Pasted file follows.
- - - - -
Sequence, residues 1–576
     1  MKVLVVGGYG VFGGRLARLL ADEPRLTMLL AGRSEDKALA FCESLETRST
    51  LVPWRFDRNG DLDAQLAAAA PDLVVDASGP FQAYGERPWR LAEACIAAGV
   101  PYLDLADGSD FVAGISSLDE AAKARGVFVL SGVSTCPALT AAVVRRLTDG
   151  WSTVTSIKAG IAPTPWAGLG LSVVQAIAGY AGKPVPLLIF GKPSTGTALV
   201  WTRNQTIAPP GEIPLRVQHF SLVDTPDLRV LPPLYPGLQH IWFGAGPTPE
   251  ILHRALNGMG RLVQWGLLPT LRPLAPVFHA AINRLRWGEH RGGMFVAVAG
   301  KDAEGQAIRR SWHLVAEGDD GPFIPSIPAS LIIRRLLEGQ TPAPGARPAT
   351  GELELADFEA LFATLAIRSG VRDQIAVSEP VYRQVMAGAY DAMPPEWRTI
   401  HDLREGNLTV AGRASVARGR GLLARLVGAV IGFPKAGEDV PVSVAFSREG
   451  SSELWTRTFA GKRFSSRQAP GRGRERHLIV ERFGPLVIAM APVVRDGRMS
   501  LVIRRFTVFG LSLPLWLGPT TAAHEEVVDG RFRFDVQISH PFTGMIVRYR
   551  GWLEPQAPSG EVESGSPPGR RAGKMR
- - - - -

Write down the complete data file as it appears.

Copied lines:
Sequence, residues 1–576
     1  MKVLVVGGYG VFGGRLARLL ADEPRLTMLL AGRSEDKALA FCESLETRST
    51  LVPWRFDRNG DLDAQLAAAA PDLVVDASGP FQAYGERPWR LAEACIAAGV
   101  PYLDLADGSD FVAGISSLDE AAKARGVFVL SGVSTCPALT AAVVRRLTDG
   151  WSTVTSIKAG IAPTPWAGLG LSVVQAIAGY AGKPVPLLIF GKPSTGTALV
   201  WTRNQTIAPP GEIPLRVQHF SLVDTPDLRV LPPLYPGLQH IWFGAGPTPE
   251  ILHRALNGMG RLVQWGLLPT LRPLAPVFHA AINRLRWGEH RGGMFVAVAG
   301  KDAEGQAIRR SWHLVAEGDD GPFIPSIPAS LIIRRLLEGQ TPAPGARPAT
   351  GELELADFEA LFATLAIRSG VRDQIAVSEP VYRQVMAGAY DAMPPEWRTI
   401  HDLREGNLTV AGRASVARGR GLLARLVGAV IGFPKAGEDV PVSVAFSREG
   451  SSELWTRTFA GKRFSSRQAP GRGRERHLIV ERFGPLVIAM APVVRDGRMS
   501  LVIRRFTVFG LSLPLWLGPT TAAHEEVVDG RFRFDVQISH PFTGMIVRYR
   551  GWLEPQAPSG EVESGSPPGR RAGKMR